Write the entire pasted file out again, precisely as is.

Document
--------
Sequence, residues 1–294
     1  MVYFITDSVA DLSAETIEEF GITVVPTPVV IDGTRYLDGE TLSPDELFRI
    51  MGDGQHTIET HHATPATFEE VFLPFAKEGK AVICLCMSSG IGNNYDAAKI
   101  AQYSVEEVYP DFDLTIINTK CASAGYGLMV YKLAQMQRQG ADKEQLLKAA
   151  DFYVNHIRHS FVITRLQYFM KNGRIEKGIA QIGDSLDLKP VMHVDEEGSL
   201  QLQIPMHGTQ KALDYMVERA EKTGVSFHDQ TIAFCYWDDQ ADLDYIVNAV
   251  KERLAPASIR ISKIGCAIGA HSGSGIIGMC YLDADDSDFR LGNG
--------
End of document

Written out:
Sequence, residues 1–294
     1  MVYFITDSVA DLSAETIEEF GITVVPTPVV IDGTRYLDGE TLSPDELFRI
    51  MGDGQHTIET HHATPATFEE VFLPFAKEGK AVICLCMSSG IGNNYDAAKI
   101  AQYSVEEVYP DFDLTIINTK CASAGYGLMV YKLAQMQRQG ADKEQLLKAA
   151  DFYVNHIRHS FVITRLQYFM KNGRIEKGIA QIGDSLDLKP VMHVDEEGSL
   201  QLQIPMHGTQ KALDYMVERA EKTGVSFHDQ TIAFCYWDDQ ADLDYIVNAV
   251  KERLAPASIR ISKIGCAIGA HSGSGIIGMC YLDADDSDFR LGNG